After graduating High School in 2005, I had every intention of continuing on to the next level of education, just not right away. Like many young adults, I had no clear idea on what I wanted to do with my life. I threw around the idea of graphic design at Gibbs College, but that was quickly dismissed. I already felt the urge to go into management, or some form of general business, but I was not ready to attend college; so I didn’t. All I knew was that I wanted my ideas to be part of something bigger than me. I took a year off from school altogether and continued to work while many people said I would lose any motivation to go to college; these folks underestimated me.

Ultimately, I applied to one college the following year, Rhode Island College, and was accepted. I decided to get a B.S. in Management (which later turned into Operations Management), and essentially, what did I accomplish by waiting? I could have attended RIC immediately after High School and at least got some of my general education classes out of the way; this is a concept I don’t think I quite understood at the time. I ended up going to the same college I more than likely would have attended had I applied a year prior, and striving for the same degree at that. Had I been on the same educational path as most of my High School peers, I would have graduated in May of 2008, so why am I bringing this up now?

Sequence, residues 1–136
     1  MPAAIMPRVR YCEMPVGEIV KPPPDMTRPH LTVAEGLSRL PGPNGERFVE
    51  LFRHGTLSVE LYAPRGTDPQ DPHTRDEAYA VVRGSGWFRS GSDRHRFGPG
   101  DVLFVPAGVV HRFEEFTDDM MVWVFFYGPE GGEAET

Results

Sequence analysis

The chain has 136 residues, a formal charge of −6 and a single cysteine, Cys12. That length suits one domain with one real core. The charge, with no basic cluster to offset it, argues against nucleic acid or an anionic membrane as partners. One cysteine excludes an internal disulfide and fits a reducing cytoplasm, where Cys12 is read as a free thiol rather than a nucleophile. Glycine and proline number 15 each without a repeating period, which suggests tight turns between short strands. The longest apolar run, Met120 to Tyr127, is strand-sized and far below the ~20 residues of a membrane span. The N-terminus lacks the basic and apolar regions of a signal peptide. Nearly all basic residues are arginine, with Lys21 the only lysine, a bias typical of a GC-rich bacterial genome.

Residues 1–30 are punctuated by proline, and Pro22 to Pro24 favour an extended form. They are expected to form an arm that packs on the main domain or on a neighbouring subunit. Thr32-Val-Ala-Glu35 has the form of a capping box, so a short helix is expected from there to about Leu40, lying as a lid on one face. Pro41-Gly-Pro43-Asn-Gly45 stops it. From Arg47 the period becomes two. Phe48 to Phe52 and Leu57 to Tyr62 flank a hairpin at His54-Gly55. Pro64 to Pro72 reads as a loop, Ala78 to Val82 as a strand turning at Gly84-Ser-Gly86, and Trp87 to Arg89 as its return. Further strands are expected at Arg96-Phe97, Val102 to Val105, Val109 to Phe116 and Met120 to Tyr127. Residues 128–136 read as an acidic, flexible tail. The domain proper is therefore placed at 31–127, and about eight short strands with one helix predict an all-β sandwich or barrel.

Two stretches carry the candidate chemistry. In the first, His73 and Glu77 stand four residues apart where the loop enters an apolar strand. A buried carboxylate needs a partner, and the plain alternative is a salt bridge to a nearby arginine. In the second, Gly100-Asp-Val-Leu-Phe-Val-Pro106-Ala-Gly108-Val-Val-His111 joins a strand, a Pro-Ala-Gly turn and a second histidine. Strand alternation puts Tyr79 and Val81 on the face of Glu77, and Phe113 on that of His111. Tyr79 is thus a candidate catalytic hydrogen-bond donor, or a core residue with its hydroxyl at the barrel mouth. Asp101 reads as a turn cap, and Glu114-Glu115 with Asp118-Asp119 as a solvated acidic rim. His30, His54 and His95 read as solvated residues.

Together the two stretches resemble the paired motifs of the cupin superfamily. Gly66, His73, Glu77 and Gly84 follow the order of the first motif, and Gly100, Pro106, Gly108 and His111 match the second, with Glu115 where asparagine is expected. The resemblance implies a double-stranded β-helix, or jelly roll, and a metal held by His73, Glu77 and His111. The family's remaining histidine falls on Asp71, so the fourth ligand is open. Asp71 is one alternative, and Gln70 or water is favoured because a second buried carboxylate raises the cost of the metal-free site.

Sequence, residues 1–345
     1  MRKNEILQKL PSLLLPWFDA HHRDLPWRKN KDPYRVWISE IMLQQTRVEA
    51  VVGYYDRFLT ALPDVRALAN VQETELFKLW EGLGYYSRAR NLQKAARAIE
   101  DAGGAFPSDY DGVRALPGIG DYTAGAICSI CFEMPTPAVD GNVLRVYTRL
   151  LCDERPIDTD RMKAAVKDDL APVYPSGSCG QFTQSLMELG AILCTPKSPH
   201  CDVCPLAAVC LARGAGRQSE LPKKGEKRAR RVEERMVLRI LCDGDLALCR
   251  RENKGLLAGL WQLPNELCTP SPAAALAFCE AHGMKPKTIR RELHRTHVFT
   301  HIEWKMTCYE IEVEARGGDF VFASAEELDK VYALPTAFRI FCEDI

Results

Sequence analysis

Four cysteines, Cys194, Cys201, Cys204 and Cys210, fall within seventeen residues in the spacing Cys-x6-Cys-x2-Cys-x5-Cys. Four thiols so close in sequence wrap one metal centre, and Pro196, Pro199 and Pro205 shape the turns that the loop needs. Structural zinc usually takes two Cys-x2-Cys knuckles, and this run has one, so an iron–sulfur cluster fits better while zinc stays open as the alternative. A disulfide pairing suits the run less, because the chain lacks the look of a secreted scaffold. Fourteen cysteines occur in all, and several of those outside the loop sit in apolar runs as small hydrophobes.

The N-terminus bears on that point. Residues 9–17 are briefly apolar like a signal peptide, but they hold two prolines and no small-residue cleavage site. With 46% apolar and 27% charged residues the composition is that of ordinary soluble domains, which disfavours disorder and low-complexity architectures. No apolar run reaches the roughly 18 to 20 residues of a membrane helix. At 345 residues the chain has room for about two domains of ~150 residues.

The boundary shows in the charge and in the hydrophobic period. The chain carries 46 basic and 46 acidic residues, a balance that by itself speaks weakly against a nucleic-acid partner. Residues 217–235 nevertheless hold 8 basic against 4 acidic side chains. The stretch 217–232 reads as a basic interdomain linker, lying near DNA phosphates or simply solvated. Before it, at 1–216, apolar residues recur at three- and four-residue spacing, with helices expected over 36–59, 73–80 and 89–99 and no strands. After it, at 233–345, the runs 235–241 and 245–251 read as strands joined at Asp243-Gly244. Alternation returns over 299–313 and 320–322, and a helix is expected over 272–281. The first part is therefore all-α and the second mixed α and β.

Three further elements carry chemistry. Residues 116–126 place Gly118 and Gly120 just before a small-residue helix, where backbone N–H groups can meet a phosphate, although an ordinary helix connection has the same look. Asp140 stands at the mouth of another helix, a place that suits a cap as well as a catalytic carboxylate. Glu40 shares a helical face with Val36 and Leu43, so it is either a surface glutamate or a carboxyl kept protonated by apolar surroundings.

It didn’t really bother me that I would be “a year behind” my high school class. However, it’s more than that. I decided to add a second major, Marketing, and this added another semester to my college career. While it’s only one extra semester, it may not have been extra had I added the Marketing major sooner and packed my earlier semesters tighter. I could go the other way with this one though, I have had multiple 5 and 6-class semesters, on top of summer classes, that have allowed me to only need one extra semester.

My point is this…it’s natural to question your decisions in life. It’s very easy for me to say “Damn, I could have been done with college a year ago!” While that may have been nice, how do I know my life would have been any better up to this point? I don’t. Thinking about the “what if’s” and “shoulda coulda woulda’s” doesn’t get you anywhere and is just a waste of time. Don’t get me wrong, thinking about the future in these terms can be fun and great for setting goals, but don’t waste your time regretting anything.

You are you, and you are where you are for a reason. Had I not taken the path I am on now, I may not have had all the opportunities and success I have seen thus far. I don’t know what I’d be doing right now had I graduated in 2008, but I also don’t care. The decisions that led me here were already made and I cannot change that, so why bother thinking about it?

Invest your time, thoughts and efforts into what you can control; and that excludes the past.

Bryan Ricard Life Lessons , , ,